Over the last three years, Planet PK has dedicated itself to spreading awareness and protection surrounding the wildlife and environment of Porthcurno Valley and similar places across the globe. We believe everyone has a responsibility to care for their environment and heritage, as well as learn from the mistakes of the past and endeavouring to improve in the future, to protect the planet’s delicate ecosystems. Gutta Percha is a ‘natural’ thermoplastic, a malleable and versatile resin which is a huge part of Porthcurno’s story, playing a pivotal role in the engineering and success of undersea cables. In the years that followed the discovery and implementation of gutta-percha in undersea cables, we have come to understand and acknowledge its unsustainability and the devastating environmental impacts of exploiting the resource. Images running alongside the blog are from a zine illustrated and written by Bianca Kaplan (@_bianca_kaplan_) called ‘Gutta Percha – The Environmental Disaster’.
Gutta Percha is a natural plastic used prolifically throughout the second half of the 19th century for household purposes such as furniture, golf balls and jewellery and industrial purposes, particularly in electronics as it was a hardy and effective insulator. In the present day, it’s still used in certain scenarios, such as permanent filling for root canals.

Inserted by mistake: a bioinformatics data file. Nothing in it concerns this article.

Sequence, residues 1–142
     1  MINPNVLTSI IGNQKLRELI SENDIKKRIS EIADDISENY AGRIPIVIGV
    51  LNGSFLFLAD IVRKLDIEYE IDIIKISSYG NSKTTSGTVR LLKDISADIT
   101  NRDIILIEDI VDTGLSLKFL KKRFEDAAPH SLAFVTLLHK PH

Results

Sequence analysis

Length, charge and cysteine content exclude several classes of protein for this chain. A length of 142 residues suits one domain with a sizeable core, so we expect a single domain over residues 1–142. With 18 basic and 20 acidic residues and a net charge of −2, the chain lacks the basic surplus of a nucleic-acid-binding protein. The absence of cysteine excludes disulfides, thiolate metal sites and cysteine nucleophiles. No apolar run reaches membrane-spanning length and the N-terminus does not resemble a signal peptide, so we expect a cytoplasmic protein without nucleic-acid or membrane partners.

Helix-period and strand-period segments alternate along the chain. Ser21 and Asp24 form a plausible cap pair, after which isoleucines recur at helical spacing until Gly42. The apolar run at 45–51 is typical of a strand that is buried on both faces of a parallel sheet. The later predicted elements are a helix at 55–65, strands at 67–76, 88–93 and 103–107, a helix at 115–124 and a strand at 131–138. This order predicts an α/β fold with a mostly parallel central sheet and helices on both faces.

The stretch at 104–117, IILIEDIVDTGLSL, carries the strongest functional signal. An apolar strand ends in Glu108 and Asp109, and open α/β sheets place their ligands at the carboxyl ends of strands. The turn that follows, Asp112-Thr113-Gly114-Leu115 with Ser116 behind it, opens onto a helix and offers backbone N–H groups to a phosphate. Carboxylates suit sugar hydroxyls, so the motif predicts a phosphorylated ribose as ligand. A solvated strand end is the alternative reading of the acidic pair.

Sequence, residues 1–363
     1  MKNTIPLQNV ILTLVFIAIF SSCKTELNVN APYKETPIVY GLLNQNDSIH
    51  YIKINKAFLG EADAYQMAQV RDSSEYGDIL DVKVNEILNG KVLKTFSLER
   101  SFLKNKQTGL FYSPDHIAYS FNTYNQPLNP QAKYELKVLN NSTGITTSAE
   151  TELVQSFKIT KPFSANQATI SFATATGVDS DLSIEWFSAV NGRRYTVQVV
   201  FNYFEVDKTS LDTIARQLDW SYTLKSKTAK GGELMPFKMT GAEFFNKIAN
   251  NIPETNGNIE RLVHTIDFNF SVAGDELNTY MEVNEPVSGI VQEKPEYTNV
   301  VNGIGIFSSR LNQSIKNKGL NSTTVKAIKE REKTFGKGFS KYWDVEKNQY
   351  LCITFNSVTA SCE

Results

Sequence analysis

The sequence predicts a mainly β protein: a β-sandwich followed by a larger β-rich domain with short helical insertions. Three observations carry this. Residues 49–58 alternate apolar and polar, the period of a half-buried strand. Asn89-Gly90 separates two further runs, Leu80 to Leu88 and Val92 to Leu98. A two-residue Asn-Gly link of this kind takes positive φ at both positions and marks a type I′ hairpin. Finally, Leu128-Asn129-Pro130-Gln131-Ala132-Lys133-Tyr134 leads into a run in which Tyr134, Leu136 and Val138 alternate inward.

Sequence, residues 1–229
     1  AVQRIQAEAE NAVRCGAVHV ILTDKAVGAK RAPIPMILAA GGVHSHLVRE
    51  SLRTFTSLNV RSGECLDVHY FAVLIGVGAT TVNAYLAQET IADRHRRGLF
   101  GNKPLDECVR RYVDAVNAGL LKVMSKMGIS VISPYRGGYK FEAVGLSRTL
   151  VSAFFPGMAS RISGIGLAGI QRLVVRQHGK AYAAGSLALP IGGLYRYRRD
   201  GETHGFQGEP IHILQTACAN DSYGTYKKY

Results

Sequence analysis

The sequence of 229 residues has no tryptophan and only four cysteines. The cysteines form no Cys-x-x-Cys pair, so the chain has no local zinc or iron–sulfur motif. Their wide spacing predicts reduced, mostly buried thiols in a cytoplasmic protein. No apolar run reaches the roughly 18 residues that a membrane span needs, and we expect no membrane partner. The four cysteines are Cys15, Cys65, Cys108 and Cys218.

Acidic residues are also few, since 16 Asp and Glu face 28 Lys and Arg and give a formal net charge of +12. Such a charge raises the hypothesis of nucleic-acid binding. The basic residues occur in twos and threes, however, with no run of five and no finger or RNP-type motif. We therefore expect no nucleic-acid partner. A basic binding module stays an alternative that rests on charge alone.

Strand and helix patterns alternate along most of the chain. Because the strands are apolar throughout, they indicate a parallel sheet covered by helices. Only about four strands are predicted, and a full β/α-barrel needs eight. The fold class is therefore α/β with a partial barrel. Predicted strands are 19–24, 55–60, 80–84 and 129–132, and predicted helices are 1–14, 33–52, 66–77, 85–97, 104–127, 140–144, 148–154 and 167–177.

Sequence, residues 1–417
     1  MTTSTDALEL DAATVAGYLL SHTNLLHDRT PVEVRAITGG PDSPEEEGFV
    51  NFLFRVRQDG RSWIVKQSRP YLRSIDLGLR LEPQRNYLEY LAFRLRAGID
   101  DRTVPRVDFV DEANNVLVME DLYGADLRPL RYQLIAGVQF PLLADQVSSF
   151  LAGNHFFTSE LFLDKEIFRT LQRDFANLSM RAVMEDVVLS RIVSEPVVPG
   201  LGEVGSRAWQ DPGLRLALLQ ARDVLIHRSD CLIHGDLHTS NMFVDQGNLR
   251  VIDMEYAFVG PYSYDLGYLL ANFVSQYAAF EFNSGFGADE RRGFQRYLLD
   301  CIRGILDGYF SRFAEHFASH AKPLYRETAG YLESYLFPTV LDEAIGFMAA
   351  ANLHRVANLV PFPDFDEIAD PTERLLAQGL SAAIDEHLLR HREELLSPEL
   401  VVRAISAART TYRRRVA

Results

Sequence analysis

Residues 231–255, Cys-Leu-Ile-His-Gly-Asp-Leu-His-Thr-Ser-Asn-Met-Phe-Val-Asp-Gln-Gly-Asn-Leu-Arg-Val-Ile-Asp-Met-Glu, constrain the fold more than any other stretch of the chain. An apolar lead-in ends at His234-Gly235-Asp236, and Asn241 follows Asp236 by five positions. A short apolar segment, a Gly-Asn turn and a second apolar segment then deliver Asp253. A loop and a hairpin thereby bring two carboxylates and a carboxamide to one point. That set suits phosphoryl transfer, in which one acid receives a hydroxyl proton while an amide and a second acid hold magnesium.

At the birth of overseas telecommunications, insulation was needed for underwater cables, and gutta percha was the perfect option, a strong substance that melted when hot and hardened when cooled. The thermoplastic was then implemented in all early undersea cables, including in 1850 when the first undersea cable was laid between England and France.
In order to use gutta-percha it had to be extracted, which involved killing off hundreds of trees and devastating forests. The resin can be derived from several species of tropical trees of the Sapotaceae genera, Palaquium and Payena, which are predominantly found in Southeast Asia. Gutta-percha is now very rare and almost extinct in Indonesia. A few trees may still produce some resin in places like Malaya, but the gutta-percha is often diluted with other resins which makes it of little value.
The difficulty in finding gutta-percha resin in the 21st century can be largely attributed to the work of Telegraph Companies in the 19th century. As gutta percha was stable underwater, and telegraph cables were in high demand, unsustainable and ineffective methods were used to extract gutta-percha, resulting in the devastation of tropical rainforests with little regard for the future, the effects of which are still felt to this day.
Although gutta percha was a massive turning point for global communications, it is important to recognise that it caused much harm to the environment. The reckless exploitation of rainforests is still a huge problem in the 21st century. Mass destruction is caused by clearing trees for farming land, logging, extracting palm oil and gathering countless other resources. Ecosystems are suffering greatly, and species are teetering on the edge of extinction. Without rainforests, carbon storage capacity would be lost in the atmosphere, rapidly increasing global warming, and making large areas of Earth uninhabitable for both humans and wildlife. Healthy forests are the greatest tool we have in fighting the climate crisis, a natural machine that takes in carbon and gives oxygen, so they need to be protected.
Maeve Cushla – Young Curator – PK Porthcurno